Are you ready to make compost?

  • Do you have critters in your area that may try to get in the compost bin? If so, you will need a securely closed container.
  • Collecting food scraps (along with eggshells and coffee grounds) from the kitchen is an easy way to add to your compost pile and reduce landfill waste. Keep a small bin with a cover in your kitchen to make collection easy.
  • Remember to add “brown” organic matter between layers of “green” (kitchen scraps). Good additions for the brown layer include dried leaves, hay, straw, wood chips and trimmings from trees. Keeping a pile of brown matter near your compost bin makes it easier to remember to do this.
  • Turning your compost pile often will help the contents break down faster.

Line-dry your clothes. There’s something meditative about hanging up clothes to dry on a line — plus it saves energy by making your dryer unneeded (at least during the warmer months).

Are you ready to line-dry?

  • Do you have space for a clothesline? If you have a homeowners association, check the rules before setting up a clothesline within view of neighbors.
  • Is the weather in your area good enough? Frequent showers can thwart your best line-drying efforts!
  • Still not sure about line drying? You can always test the idea by setting up a small drying rack on the back porch.

RELATED: Find a Landscape Architect to Create the Backyard of Your Dreams

Collect rainwater. Rainwater harvesting is a wonderful way to ensure that you have plenty of water to use on your garden, even in times of drought when there may be water restrictions.

Are you ready to collect rainwater?

How much water would you like to collect, and how much room do you have? Rain tanks and barrels come in many sizes.

Is the runoff water from your roof exposed to lead or any other hazardous materials? If so, it’s not safe to use on food crops.

Worried about your homeowners association or neighbors? Look for (or special-order) a rain barrel that matches your home’s exterior, and keep it on the smaller side or position it at the back of your house.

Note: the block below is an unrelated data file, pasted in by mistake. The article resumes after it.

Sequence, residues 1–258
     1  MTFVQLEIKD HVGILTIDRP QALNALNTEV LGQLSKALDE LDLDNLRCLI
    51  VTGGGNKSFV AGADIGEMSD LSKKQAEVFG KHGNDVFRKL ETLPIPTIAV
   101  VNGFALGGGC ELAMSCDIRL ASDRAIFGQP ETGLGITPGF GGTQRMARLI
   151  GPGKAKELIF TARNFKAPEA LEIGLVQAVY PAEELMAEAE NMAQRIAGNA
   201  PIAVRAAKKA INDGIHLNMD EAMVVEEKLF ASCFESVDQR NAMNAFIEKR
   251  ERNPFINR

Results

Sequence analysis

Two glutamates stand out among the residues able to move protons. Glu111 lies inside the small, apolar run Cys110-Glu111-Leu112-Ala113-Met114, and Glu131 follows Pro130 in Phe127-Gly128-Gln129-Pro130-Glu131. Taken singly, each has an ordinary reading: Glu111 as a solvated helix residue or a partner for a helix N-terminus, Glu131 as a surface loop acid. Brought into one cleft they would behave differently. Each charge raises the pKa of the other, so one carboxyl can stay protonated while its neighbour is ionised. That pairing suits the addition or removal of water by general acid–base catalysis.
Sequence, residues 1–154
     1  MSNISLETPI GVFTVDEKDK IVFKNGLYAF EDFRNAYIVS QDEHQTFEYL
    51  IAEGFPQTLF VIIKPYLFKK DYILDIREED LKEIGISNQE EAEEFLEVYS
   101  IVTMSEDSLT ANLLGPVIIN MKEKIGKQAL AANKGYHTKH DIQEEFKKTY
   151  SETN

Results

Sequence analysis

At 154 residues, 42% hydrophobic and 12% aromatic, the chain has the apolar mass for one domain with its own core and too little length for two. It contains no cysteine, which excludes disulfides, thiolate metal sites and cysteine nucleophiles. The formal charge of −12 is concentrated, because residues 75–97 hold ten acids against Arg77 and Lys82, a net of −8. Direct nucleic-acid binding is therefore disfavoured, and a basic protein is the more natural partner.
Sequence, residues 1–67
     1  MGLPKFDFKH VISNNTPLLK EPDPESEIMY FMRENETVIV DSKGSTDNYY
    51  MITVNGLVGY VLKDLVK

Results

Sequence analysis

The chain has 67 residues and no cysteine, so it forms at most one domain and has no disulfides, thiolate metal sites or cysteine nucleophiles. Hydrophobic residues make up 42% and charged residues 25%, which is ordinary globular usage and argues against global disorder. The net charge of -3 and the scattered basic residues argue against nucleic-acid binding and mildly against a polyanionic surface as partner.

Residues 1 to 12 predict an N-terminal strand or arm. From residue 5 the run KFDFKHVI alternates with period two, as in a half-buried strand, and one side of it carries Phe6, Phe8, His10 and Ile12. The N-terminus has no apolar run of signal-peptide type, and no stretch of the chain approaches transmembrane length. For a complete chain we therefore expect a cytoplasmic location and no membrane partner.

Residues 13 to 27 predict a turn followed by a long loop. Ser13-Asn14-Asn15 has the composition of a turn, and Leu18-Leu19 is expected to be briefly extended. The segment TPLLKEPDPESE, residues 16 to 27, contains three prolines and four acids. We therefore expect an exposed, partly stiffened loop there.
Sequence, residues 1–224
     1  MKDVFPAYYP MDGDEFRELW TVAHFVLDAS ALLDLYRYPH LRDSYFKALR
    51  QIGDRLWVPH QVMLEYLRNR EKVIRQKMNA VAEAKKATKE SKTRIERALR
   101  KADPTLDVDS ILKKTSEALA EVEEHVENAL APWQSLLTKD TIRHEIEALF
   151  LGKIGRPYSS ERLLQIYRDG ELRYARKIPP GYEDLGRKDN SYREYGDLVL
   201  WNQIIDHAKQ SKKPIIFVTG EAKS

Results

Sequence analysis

Be sure your rain barrel or tank has a secure screen to prevent mosquitoes from laying eggs in the water.

RELATED: How to Install a DIY Rain Barrel

Collect honey from your own hive. Honeybees help pollinate the garden, leading to a more productive harvest, as well as providing fresh honey for the lucky hive owner. And beekeeping doesn’t require a lot of space, so even those in urban areas can get in on the sweet fun.

Are you ready to keep bees?

  • Does anyone in your household have a severe bee allergy? If so, it’s best to take a pass on the hive.
  • Do you have a spot to position the hive away from entrances to your home? While a hive doesn’t take up much space, if placed too close to your entrance, you may have a few unwanted visitors buzzing in.
  • Does your town allow beehives? Most don’t have regulations against keeping bees, but it’s always a good idea to check first.

Keep goats, ducks and other creatures great and small. Chickens are good “starter” farm animals, but if you’ve kept chickens and want more on your homestead, ducks, goats, sheep and other creatures offer other benefits — along with additional work. Duck eggs are delicious and great for baking, a milking goat can keep your family in fresh chèvre, and sheep may be a knitter’s ultimate companion, providing wool to spin into yarn.

RELATED: Enjoy Your Backyard With New Adirondack Chairs

Are you ready to keep other farm animals?

  • Is your neighborhood zoned for the type of animals you want to keep?
  • Do you have ample space on your property to keep the animals you want? Bear in mind that some creatures (like sheep and goats) can have a distinct barn-y smell that you will want to keep a distance from your house.
  • Will your neighbors be OK having farm animals next door?
  • Do you have the time and dedication to commit to caring for a barnyard animal? Milking animals especially require an intense level of responsibility, and should be taken on only by those with the experience and long-term commitment.
  • If you need more education about caring for farm animals, is there a local workshop where you can learn more?

Living the life. A backyard-turned-farm, whatever your version of it may be, is certainly a lot of work — but it also provides a rich source of homegrown entertainment. Why go out, when you can enjoy a delicious local, organic dinner right in your backyard, steps from where the ingredients were grown?